Open Access

Activation of lignocellulosic biomass for higher sugar yields using aqueous ionic liquid at low severity process conditions

  • Ramakrishnan Parthasarathi1, 2,
  • Jian Sun1, 2,
  • Tanmoy Dutta1, 2,
  • Ning Sun1,
  • Sivakumar Pattathil3, 4,
  • N. V. S. N. Murthy Konda1,
  • Angelo Gabriel Peralta3, 4,
  • Blake A. Simmons1, 2 and
  • Seema Singh1, 2Email author
Biotechnology for Biofuels20169:160

https://doi.org/10.1186/s13068-016-0561-7

Received: 23 May 2016

Accepted: 12 July 2016

Published: 2 August 2016

Abstract

Background

Concerns around greenhouse gas emissions necessitate the development of sustainable processes for the production of chemicals, materials, and fuels from alternative renewable sources. The lignocellulosic plant cell walls are one of the most abundant sources of carbon for renewable bioenergy production. Certain ionic liquids (ILs) are very effective at disrupting the plant cell walls of lignocellulose, and generate a substrate that is effectively hydrolyzed into fermentable sugars. Conventional ILs are relatively expensive in terms of purchase price, and the most effective imidazolium-based ILs also require energy intensive processing conditions (>140 °C, 3 h) to release >90 % fermentable sugar yields after saccharification.

Results

We have developed a highly effective pretreatment technology utilizing the relatively inexpensive IL comprised tetrabutylammonium [TBA]+ and hydroxide [OH] ions that generate high glucose yields (~95 %) after pretreatment at very mild processing conditions (50 °C). The efficiency of [TBA][OH] pretreatment of lignocellulose was further studied by analyzing chemical composition, powder X-ray diffraction for cellulose structure, NMR and SEC for lignin dissolution/depolymerization, and glycome profiling for cell wall modifications. Glycome profiling experiments and computational results indicate that removal of the noncellulosic polysaccharides occurs due to the ionic mobility of [TBA][OH] and is the key factor in determining pretreatment efficiency. Process modeling and energy demand analysis suggests that this [TBA][OH] pretreatment could potentially reduce the energy required in the pretreatment unit operation by more than 75 %.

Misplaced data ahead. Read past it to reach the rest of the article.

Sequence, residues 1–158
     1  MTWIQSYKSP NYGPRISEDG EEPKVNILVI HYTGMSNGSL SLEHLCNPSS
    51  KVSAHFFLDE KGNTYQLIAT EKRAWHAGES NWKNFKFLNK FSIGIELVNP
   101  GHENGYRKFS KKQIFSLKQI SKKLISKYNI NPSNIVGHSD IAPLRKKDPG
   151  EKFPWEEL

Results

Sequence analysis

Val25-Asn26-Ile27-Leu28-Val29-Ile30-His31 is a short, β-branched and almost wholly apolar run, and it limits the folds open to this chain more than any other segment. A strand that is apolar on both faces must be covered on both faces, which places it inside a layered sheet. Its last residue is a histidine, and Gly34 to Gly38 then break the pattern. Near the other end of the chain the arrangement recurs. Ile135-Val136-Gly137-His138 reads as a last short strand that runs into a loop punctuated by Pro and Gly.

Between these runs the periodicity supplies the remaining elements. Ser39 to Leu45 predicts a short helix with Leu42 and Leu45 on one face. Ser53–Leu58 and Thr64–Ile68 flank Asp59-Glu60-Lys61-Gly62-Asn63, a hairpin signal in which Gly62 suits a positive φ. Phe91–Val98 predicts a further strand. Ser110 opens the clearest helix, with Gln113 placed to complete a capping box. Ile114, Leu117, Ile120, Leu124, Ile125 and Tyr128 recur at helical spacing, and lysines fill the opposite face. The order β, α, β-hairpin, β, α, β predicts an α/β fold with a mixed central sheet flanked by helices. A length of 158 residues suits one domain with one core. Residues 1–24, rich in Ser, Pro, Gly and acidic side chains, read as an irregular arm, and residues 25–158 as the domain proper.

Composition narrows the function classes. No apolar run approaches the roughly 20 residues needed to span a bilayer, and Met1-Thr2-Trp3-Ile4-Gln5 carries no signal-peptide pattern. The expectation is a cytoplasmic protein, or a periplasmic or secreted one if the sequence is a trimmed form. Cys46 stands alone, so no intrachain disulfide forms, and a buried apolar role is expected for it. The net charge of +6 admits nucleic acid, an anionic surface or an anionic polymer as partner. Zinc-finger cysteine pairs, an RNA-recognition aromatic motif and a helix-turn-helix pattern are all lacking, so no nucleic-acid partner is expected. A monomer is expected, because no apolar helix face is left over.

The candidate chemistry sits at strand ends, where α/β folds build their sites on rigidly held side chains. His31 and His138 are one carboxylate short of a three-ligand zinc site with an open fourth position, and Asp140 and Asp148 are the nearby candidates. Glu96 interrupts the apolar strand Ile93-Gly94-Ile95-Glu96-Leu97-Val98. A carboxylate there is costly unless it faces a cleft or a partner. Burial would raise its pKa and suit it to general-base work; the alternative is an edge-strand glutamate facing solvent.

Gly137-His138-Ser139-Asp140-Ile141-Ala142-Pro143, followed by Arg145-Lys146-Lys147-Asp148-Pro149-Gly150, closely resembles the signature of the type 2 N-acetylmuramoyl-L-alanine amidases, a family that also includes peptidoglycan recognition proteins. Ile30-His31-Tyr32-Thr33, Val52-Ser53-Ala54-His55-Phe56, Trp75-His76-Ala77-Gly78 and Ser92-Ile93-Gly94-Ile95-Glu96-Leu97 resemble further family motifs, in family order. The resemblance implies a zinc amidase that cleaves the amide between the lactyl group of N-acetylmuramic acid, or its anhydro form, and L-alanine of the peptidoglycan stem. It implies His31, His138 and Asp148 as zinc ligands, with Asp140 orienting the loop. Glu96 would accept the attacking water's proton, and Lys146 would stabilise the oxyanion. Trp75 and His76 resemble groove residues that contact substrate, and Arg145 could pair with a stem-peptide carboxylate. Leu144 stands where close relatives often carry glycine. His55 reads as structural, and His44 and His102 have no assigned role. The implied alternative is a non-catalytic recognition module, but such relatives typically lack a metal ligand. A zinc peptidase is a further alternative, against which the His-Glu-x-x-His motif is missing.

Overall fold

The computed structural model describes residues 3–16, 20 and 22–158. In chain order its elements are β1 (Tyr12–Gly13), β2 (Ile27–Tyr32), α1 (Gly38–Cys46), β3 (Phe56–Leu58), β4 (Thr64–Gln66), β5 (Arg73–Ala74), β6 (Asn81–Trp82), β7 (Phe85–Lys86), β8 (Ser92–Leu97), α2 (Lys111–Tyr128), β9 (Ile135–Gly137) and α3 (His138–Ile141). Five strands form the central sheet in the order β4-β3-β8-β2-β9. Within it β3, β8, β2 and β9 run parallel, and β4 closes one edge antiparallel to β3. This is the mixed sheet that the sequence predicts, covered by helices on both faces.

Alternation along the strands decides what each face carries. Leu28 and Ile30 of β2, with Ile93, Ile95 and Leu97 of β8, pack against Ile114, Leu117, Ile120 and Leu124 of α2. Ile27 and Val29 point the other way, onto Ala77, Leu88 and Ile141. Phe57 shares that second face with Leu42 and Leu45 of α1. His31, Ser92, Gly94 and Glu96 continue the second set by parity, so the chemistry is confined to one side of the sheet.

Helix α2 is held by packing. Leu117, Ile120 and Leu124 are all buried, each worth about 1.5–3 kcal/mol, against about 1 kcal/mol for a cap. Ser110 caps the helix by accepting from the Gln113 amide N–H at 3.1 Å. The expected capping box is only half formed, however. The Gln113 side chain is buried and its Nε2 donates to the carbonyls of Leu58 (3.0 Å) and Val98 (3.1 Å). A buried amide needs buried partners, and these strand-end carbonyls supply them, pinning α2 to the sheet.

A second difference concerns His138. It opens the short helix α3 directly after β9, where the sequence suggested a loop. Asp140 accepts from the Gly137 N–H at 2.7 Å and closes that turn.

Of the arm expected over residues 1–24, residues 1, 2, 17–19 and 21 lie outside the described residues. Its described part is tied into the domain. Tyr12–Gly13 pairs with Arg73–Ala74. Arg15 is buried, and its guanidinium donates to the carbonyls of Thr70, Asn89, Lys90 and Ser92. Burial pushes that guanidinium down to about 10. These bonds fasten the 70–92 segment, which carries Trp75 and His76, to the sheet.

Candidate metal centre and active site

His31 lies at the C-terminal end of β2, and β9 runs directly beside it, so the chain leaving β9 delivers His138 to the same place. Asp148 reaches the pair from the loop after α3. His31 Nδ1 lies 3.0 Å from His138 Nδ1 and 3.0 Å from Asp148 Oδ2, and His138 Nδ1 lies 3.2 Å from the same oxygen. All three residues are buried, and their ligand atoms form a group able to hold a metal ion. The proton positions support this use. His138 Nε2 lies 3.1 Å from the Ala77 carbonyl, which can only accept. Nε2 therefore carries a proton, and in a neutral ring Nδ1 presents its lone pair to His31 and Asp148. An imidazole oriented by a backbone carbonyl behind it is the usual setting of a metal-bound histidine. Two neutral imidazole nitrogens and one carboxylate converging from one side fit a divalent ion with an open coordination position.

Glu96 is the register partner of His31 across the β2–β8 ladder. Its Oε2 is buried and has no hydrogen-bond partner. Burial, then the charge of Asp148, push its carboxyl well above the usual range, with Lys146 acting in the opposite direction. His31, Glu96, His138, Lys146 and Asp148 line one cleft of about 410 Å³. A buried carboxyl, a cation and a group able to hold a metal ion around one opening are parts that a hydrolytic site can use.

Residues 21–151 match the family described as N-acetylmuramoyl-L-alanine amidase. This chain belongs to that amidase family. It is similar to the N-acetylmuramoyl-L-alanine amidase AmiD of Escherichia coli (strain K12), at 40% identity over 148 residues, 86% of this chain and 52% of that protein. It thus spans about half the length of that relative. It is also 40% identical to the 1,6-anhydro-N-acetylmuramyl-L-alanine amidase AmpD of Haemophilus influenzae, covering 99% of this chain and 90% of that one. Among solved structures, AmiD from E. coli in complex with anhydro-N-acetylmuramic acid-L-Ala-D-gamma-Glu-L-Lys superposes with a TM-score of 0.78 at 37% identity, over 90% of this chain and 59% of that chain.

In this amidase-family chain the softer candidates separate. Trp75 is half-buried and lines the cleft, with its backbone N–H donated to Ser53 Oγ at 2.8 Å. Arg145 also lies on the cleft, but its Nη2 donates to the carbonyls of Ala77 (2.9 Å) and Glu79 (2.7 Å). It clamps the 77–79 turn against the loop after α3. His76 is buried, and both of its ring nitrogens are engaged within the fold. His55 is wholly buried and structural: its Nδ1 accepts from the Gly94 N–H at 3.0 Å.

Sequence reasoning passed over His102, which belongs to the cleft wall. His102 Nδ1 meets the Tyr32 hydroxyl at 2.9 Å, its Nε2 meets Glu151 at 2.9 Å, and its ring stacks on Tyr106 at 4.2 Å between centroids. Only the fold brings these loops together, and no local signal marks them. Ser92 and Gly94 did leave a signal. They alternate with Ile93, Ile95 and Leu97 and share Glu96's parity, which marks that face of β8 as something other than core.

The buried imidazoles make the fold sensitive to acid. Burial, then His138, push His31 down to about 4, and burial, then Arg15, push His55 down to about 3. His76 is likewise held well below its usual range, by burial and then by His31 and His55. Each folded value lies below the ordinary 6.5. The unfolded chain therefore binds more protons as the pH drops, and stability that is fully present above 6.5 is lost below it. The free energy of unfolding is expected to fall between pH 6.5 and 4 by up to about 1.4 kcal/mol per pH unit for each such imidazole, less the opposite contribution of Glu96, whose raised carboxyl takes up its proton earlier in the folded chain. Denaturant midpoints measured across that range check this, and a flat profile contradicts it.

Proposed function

Conclusions

By leveraging the benefits of ILs that are effective at very mild processing conditions, such as [TBA][OH], lignocellulosic biomass can be pretreated at similar efficiency as top performing conventional ILs, such as 1-ethyl-3-methylimidazolium acetate [C2C1Im][OAc], but at much lower temperatures, and with less than half the IL normally required to be effective. [TBA][OH] IL is more reactive in terms of ionic mobility which extends removal of lignin and noncellulosic components of biomass at the lower temperature pretreatment. This approach to biomass pretreatment at lower temperatures could be transformative in the affordability and energy efficiency of lignocellulosic biorefineries.

Keywords

Aqueous ionic liquid Pretreatment Biofuels Higher sugar yield Low severity condition

Background